This Foundation stage is focused on learning the lessons of work. Basically, High Potentials are learning about most everything. They are doing, observing, listening, attending learning events and meeting lots of different people. The difference between a High Potential and Low Potential is that the High Potential learns lessons they will use later in their career. They accumulate learnings. They get materially better as they perform and they get promoted more often.
They have on average three jobs at this formative stage. The more variety in the jobs, the better. They’ve watched three or more bosses manage well (or not). They witness the typical things that happen in organizations. They begin to be noticed and begin to form networks that will come into play later.
Task Three is Building for the Future, where High Potentials begin to form the skills needed later, at higher levels of responsibility and complexity.
Responsibilities of each of the following for “Building the Skills Needed for the Future”
- Board – Demands development of the Bench
- CEO – Understands 70/20/10/25. Demands diversity and variety of future aligned assignments; begins to sponsor and mentor selected “up and comers”
- C-Suite – Understands 70/20/10/25. Directs aggressive assignmentology in their areas of responsibility; supports developmental transfers; begins to sponsor and mentor selected High Potentials
- CHRO – Aggressively manages assignmentology
- Talent Management Professionals – Aggressively manages assignmentology and engagement
- Bosses – Willing to consider candidates that don’t exactly fit their current needs, for the future benefit of the organization; retains talent.
- High Potentials – Seeks adventures; accepts guidance; build networks
Learners learn best by doing. Experience is the best teacher. For High Potentials, it’s essential that the jobs are diverse, tough and unique. Research says 70% of the lessons of leadership (C-Suite service) come from challenging assignments.
Conceptually, you are putting people into three, increasingly senior jobs that they have never done before! These jobs are functionally different, geographically different, product or service line different, level different, team different and line of bosses different.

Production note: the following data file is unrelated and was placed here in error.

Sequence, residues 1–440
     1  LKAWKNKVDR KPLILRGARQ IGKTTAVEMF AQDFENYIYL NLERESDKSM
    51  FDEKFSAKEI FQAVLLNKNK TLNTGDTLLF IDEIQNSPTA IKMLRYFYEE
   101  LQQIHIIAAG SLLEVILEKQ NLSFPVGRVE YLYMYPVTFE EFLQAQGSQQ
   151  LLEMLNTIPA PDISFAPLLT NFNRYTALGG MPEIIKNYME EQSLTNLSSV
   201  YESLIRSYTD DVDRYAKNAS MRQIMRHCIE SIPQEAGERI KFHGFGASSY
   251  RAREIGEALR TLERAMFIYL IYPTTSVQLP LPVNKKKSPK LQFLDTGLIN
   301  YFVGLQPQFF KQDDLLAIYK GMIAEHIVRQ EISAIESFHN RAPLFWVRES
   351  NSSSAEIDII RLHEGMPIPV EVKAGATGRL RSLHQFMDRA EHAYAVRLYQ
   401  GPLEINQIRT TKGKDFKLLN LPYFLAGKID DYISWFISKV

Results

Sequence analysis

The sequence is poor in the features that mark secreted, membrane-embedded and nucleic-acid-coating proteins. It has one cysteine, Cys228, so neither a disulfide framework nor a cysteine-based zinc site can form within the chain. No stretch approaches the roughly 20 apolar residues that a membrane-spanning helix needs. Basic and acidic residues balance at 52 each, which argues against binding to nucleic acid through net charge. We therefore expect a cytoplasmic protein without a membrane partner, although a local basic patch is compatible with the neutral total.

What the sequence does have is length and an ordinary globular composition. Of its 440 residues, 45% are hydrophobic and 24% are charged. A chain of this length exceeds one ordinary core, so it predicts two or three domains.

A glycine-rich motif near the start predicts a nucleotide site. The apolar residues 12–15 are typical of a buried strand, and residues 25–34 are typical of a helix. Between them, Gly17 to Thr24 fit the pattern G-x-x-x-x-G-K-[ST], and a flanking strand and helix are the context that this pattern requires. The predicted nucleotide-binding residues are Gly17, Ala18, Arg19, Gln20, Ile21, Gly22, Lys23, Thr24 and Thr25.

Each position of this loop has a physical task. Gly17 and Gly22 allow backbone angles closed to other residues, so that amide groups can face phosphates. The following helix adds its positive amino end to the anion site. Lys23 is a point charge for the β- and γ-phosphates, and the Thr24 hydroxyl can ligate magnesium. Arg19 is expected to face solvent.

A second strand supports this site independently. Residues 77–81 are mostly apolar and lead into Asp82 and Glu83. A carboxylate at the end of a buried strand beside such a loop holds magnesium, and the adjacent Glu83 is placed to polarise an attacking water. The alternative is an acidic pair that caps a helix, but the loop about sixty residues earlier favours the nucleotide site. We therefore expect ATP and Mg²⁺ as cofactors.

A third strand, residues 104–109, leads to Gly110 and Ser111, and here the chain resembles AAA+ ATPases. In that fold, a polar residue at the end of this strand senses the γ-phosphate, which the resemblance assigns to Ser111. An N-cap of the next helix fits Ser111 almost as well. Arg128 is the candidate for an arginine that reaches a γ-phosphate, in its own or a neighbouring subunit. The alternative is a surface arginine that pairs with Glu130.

Assignmentology involves filling open jobs (that directly account for your bonus) with trainees! Sharp, and with a performance record, but trainees in a new job. And, while impressive, they’ll be harder to manage. At this stage senior management is hiring trainees to fill key jobs. It’s normal for them to resist. Most would rather have a proven performer in this specific type of job. So, the CEO, C-Suite, CHRO and Talent Management have to do the heavy lifting to make it happen.
These trainees will end their 18-month stay as strong performers, will add (and leave behind) their creativity and innovate, and their bosses will resist losing them!
You have to retain talent to benefit from hiring and developing talent, so engagement of High Potentials is critical for retention. The retention of High Potentials is different from general retention. High Potentials respond to certain aspects of engagement, such as being listened to. Typical managers are not very good at this. High Potentials want to be with a winning team, are elite in many ways and expect to be treated as such, to include special developmental opportunities. Talent Management Professionals need to be aggressively involved in High Potential engagement as most managers are not well informed enough to do it on their own.
The Final Task is Honing. Think of it as “High Potential Finishing School“, or as making sure the skills needed at their C-Suite destination are fully enabled. At this point they are vetted and validated High Potentials. Their six or more jobs and six or more bosses all agree. They are the best we have and are consensus candidates for top openings.
Responsibilities of each of the following for “Honing the skills needed for the future.”
- Board – Begins to meet the candidates; in some cases sponsoring and mentoring
- CEO – Takes a personal interest in as many candidates as they can handle
- C-Suite – Takes personal responsibility for managing any High Potentials currently in their area of responsibility
- CHRO – Works the lists the Board wants to see, including the back-up charts
- Talent Management Professionals – Works on engagement and retention
- Bosses – Works on engagement and retention; offers special finishing opportunities
- High Potentials – Leverages network: clears the final bars for the C-Suite
Building the bench for today’s C-Suite started 30 years ago (or should have). There are 100 things that have to be done over those 30 years for it all to work. Any lack of attention or focus or support along the way will decrease the quality of the bench and will force external searches, which are both expensive and prone to landing candidates less prepared that those you develop internally
At the end of this school year, there will be 500 new hires that will end up being the CEO of one of the Fortune 500 firms in 30 years. This point should get your talent management juices flowing.
During our collective 100 years in the talent consulting business, the most frequent request we’ve received is to help organizations with executive succession, because they are weak in bench strength. It means that past Boards, CEOs, C-Suite Officers, CHROs, Talent Management Professionals, and Bosses have not done the right things along the way.
Following the tips outlined above, organizations and leaders have a much greater opportunity to get it right.